Species in the genus Arachis have an interesting reproductive biology because the seed-containing pods mature underground instead of aerially as in most legumes. The flowers don't usually open, and are self-pollinated. After pollination, there is cell division below the young pod sending it down on a stalk and pushing it into the ground where it matures. Seeds yield a non-drying, edible oil, used in cooking, margarines, salads, canning, for deep-frying, for shortening in pastry and bread, and for pharmaceuticals, soaps, cold creams, pomades and lubricants, emulsions for insect control, and fuel for diesel engines. The oil cake, a high-protein livestock feed, may be used for human consumption. Other products include dyes, ice cream, massage oil, paints, and peanut milk. Seeds are eaten raw, whole roasted and salted, or chopped in confectioneries, or ground into peanut butter. Young pods may be consumed as a vegetable. Young leaves and tips are suitable as a cooked green vegetable.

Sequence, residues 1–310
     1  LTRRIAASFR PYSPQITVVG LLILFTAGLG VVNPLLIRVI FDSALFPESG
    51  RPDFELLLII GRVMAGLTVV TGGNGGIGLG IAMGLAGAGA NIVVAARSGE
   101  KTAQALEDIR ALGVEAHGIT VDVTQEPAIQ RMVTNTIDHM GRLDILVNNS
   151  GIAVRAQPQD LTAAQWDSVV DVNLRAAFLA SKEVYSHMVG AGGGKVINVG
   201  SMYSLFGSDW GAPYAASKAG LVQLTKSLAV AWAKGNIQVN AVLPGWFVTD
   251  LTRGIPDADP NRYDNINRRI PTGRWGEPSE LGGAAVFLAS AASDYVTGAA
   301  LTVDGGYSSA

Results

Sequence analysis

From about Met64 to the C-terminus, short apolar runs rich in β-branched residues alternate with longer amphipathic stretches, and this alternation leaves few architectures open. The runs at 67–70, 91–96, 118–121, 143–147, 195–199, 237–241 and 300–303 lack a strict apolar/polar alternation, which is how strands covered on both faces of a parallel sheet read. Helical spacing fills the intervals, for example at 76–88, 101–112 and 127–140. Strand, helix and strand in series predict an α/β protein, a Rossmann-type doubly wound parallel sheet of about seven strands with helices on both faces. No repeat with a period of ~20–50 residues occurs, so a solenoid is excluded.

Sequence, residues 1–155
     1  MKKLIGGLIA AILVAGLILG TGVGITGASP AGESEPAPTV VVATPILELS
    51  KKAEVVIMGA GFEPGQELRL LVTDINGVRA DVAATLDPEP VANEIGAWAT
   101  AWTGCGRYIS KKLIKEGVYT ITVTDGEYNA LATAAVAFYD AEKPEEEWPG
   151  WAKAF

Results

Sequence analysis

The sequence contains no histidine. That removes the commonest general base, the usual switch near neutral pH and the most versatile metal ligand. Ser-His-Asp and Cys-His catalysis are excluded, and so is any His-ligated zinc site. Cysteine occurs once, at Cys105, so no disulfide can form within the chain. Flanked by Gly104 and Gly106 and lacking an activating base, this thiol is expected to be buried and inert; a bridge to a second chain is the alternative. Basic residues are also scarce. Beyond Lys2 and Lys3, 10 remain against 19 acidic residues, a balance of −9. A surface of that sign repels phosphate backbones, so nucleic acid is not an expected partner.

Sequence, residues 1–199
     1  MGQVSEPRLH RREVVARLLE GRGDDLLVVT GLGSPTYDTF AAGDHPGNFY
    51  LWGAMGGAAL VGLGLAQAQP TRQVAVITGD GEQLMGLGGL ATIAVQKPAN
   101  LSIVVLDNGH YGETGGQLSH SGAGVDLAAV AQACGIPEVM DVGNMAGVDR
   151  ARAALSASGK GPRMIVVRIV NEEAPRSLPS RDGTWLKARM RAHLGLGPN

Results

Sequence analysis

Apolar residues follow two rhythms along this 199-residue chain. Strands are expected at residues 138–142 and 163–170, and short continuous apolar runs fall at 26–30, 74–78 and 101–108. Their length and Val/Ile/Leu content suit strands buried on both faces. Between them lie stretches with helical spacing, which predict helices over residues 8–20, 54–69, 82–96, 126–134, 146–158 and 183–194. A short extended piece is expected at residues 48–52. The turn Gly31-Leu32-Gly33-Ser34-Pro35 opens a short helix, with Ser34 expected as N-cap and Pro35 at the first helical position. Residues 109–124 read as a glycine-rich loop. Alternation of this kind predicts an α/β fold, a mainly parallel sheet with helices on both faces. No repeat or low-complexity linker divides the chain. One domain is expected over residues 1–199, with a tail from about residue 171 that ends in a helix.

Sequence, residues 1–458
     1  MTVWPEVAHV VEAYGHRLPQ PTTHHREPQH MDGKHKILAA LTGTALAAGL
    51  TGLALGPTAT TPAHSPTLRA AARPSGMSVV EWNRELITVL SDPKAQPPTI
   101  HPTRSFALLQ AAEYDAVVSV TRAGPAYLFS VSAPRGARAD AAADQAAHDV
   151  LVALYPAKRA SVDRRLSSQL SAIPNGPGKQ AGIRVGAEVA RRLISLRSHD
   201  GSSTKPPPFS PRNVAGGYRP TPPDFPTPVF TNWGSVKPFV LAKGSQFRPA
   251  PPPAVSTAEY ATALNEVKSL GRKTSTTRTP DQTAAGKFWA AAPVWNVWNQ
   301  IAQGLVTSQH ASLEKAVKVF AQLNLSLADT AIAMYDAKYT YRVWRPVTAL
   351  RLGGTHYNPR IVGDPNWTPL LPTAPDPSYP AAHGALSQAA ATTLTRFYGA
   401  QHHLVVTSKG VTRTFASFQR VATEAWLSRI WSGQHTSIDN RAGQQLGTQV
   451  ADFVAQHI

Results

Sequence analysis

Edible peanut is Arachis hypogaea, and the ornamental peanut is very similar species, Arachis glabrata.